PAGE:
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How do Maxwells equations result from the field tensor?

  1. Oct 28, 2012 #1
    Hi,
    I've been trying to solve problem 2.1 a in Peskin and schroeder, an introduction to QFT.
    The problem is to derive Maxwells equations for free space, which I have almost managed to do,
    using the Euler- lagrange euqation And the definition of the field tensor as
    [tex]
    F_{μv} = d_μ A_v - d_v A_μ
    [/tex]
    So I have managed to get to;
    [tex]
    0=d_μ F^{μv}
    [/tex]
    But I am unable to see how this shows Maxwells equations.
    Any points would be appreciated.
    Thanks.
     
  2. jcsd
  3. Oct 28, 2012 #2

    Vanadium 50

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    In what variables are Maxwell's equations usually expressed?
     
  4. Oct 28, 2012 #3
    My apologies for a less than comprehensive post at first;

    Well, usually in the vector form of E and B or the 4 vector A,
    where;
    [tex]
    A= ( \phi, \vec{A} )
    [/tex]

    where[tex] \vec{A} [/tex]is the magnetic vector
    [tex]\phi[/tex] is the scalar electric potential.

    [tex]
    E = -∇\phi - \frac{\partial\vec{A}}{\partial t}
    [/tex]
    And,
    [tex]
    B= ∇ X \vec{A}
    [/tex]
    It's clear to me that 2 of maxwells equations result directly from this definition;
    [tex]
    ∇.B = ∇. ( ∇ X \vec{A} ) = 0
    [/tex]
    and
    [tex]
    ∇ X E = ∇ X ∇\phi - ∇ X \frac{\partial\vec{A}}{\partial t}
    [/tex][tex]
    ∇ X E = ∇(∇ X \phi) - \frac{\partial (∇ X\vec{A} )}{\partial t}
    [/tex][tex]
    ∇ X E = 0 - \frac{\partial ( B )}{\partial t}
    [/tex][tex]
    ∇ X E = - \frac{\partial B}{\partial t}

    [/tex]

    Which leaves
    [tex]
    ∇.E = 0
    [/tex]
    and
    [tex]
    ∇ X B = \frac{\partial E}{\partial t}
    [/tex]
    to be found from
    [tex]
    0=\partial_μ F^{μv}[/tex]

    So I have tried putting in
    [tex]
    F_{μv} = \partial_μ A_v - \partial_v A_μ
    [/tex]
    To give;
    [tex]
    0=\partial_μ ( \partial_μ A_v - \partial_v A_μ )[/tex]

    [tex]
    0=\partial_μ \partial_μ A_v - \partial_μ \partial_v A_μ [/tex]
    so I then tried expanding this out, hoping that some terms would cancel and that I would recognize others and perhaps then they would be close to the E and B field formulation that I am more familier with.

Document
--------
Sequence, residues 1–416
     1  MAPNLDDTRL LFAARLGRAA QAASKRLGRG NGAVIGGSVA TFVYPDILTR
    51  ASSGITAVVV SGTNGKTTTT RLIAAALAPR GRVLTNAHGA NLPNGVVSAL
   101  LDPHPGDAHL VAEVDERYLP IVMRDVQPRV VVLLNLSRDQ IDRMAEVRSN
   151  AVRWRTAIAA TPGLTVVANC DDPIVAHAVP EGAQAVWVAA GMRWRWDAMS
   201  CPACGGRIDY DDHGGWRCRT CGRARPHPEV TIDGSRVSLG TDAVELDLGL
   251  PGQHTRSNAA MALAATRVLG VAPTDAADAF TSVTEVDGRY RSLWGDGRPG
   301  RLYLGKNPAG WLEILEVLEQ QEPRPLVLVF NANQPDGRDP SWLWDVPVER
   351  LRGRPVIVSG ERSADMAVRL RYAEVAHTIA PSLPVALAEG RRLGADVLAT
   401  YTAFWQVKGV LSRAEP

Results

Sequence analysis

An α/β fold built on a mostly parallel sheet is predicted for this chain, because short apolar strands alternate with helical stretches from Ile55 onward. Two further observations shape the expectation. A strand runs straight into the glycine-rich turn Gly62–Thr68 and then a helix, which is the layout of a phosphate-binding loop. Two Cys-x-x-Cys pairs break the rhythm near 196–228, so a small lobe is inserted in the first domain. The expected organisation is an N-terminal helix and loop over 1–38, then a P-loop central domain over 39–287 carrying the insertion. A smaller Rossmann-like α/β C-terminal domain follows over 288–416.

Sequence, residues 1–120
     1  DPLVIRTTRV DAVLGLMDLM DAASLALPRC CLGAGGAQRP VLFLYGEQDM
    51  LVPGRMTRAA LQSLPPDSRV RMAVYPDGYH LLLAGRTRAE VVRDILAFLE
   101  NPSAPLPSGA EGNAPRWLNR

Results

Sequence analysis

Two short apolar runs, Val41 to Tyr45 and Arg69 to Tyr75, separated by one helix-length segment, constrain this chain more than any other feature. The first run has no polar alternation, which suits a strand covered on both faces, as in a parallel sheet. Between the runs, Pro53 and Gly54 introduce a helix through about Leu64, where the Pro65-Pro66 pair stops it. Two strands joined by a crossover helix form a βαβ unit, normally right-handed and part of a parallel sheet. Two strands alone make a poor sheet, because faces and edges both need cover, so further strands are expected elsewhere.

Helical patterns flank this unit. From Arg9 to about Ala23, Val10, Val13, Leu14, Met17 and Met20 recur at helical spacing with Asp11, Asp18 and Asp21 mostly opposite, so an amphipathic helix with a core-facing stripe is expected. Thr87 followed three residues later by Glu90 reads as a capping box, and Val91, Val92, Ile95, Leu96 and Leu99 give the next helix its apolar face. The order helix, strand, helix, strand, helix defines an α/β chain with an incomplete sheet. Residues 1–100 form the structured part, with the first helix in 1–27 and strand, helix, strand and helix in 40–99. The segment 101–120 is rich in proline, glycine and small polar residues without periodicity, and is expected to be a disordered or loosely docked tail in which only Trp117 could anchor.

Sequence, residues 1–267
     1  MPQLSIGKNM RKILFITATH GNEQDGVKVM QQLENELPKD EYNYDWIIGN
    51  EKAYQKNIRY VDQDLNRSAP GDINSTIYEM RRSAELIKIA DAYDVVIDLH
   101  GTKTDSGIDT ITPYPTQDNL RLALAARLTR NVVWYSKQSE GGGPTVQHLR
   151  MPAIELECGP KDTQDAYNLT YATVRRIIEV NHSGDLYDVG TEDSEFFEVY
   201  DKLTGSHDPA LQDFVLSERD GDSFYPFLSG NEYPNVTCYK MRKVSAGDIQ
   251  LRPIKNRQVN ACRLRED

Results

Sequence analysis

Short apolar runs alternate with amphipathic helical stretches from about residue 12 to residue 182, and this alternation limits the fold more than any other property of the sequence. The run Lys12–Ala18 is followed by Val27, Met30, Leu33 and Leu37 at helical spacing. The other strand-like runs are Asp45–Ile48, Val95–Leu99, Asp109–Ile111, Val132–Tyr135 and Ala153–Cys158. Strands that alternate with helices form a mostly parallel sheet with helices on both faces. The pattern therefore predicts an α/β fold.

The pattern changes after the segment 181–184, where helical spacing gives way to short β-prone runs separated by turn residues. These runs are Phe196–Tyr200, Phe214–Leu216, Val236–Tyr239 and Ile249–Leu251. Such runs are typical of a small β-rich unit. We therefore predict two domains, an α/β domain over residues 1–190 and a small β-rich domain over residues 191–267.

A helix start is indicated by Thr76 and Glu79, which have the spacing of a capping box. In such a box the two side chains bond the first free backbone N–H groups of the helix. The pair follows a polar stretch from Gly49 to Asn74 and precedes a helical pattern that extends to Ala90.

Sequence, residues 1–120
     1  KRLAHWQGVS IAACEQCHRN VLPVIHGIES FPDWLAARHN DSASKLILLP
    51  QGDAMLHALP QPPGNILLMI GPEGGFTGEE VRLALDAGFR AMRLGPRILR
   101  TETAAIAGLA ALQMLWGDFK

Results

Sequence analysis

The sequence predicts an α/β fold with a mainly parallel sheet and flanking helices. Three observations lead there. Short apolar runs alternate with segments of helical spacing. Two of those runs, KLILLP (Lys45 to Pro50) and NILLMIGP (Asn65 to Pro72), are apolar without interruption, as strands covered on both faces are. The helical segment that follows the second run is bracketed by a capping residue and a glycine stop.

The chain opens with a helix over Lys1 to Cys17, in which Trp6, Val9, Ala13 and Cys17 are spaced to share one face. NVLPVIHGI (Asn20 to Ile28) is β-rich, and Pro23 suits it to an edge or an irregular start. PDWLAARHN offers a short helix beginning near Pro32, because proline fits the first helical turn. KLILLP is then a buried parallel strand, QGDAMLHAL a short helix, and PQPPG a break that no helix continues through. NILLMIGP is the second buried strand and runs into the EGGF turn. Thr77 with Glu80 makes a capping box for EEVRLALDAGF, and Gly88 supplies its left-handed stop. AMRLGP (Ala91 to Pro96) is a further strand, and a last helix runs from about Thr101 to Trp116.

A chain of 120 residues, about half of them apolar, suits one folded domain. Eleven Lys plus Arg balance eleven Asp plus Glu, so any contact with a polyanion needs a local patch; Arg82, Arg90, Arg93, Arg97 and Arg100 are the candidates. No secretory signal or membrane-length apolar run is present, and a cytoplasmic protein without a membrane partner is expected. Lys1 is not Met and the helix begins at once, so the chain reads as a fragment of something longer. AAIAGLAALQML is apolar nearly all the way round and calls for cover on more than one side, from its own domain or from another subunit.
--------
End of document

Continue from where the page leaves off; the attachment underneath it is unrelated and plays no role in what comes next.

This yielded;
    [tex]
    \partial_μ \partial_μ A_v= \frac{\partial^2 \phi}{\partial t^2} + \frac{\partial^2 \vec(A)}{\partial t^2} + ∇^2 \phi + ∇^2 \vec{A}
    [/tex]
    And
    [tex]
    \partial_μ \partial_v A_μ = \partial_v \partial_μ A_μ = \frac{\partial^2 \phi}{\partial t^2} - \frac{\partial \vec(∇A)}{\partial t} - \frac{\partial ∇\phi}{\partial t} + ∇^2 \vec{A}
    [/tex]
    which when combined gives;
    [tex]
    0= \frac{\partial^2 \phi}{\partial t^2} + \frac{\partial^2 \vec(A)}{\partial t^2} + ∇^2 \phi + ∇^2 \vec{A} - ( \frac{\partial^2 \phi}{\partial t^2} - \frac{\partial \vec(∇A)}{\partial t} - \frac{\partial ∇\phi}{\partial t} + ∇^2 \vec{A} )
    [/tex]
    [tex]
    0= \frac{\partial^2 \vec(A)}{\partial t^2} + ∇^2 \phi + \frac{\partial \vec(∇A)}{\partial t} + \frac{\partial ∇\phi}{\partial t}
    [/tex]
    which is where I am scratching my head.....

    EDIT:replaced d's with [tex]\partial[/tex] as per dextercioby's suggestion.
     
    Last edited: Oct 28, 2012
  5. Oct 28, 2012 #4

    dextercioby

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    I suggest one tiny bit of LaTex: [itex] \partial [/itex], i.e. \partial.
     
  6. Oct 28, 2012 #5

    Vanadium 50

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    Wouldn't it make more sense to work with E's and B's if you want equations giving you E's and B's?
     
  7. Oct 29, 2012 #6
    at the end of post #3, like in the last 4 lines, you have vector things added to scalar things, which is no good. And on the left hand side of those lines there is a free index [itex]\nu[/itex] I think... Those are vectors. You can write it in a vector format, but the index is not summed over.
     
  8. Nov 14, 2012 #7
    I see how I've gone wrong on the last few lines.

    Thanks for your help vanadium 50 , jfy4 and dextercioby!
     
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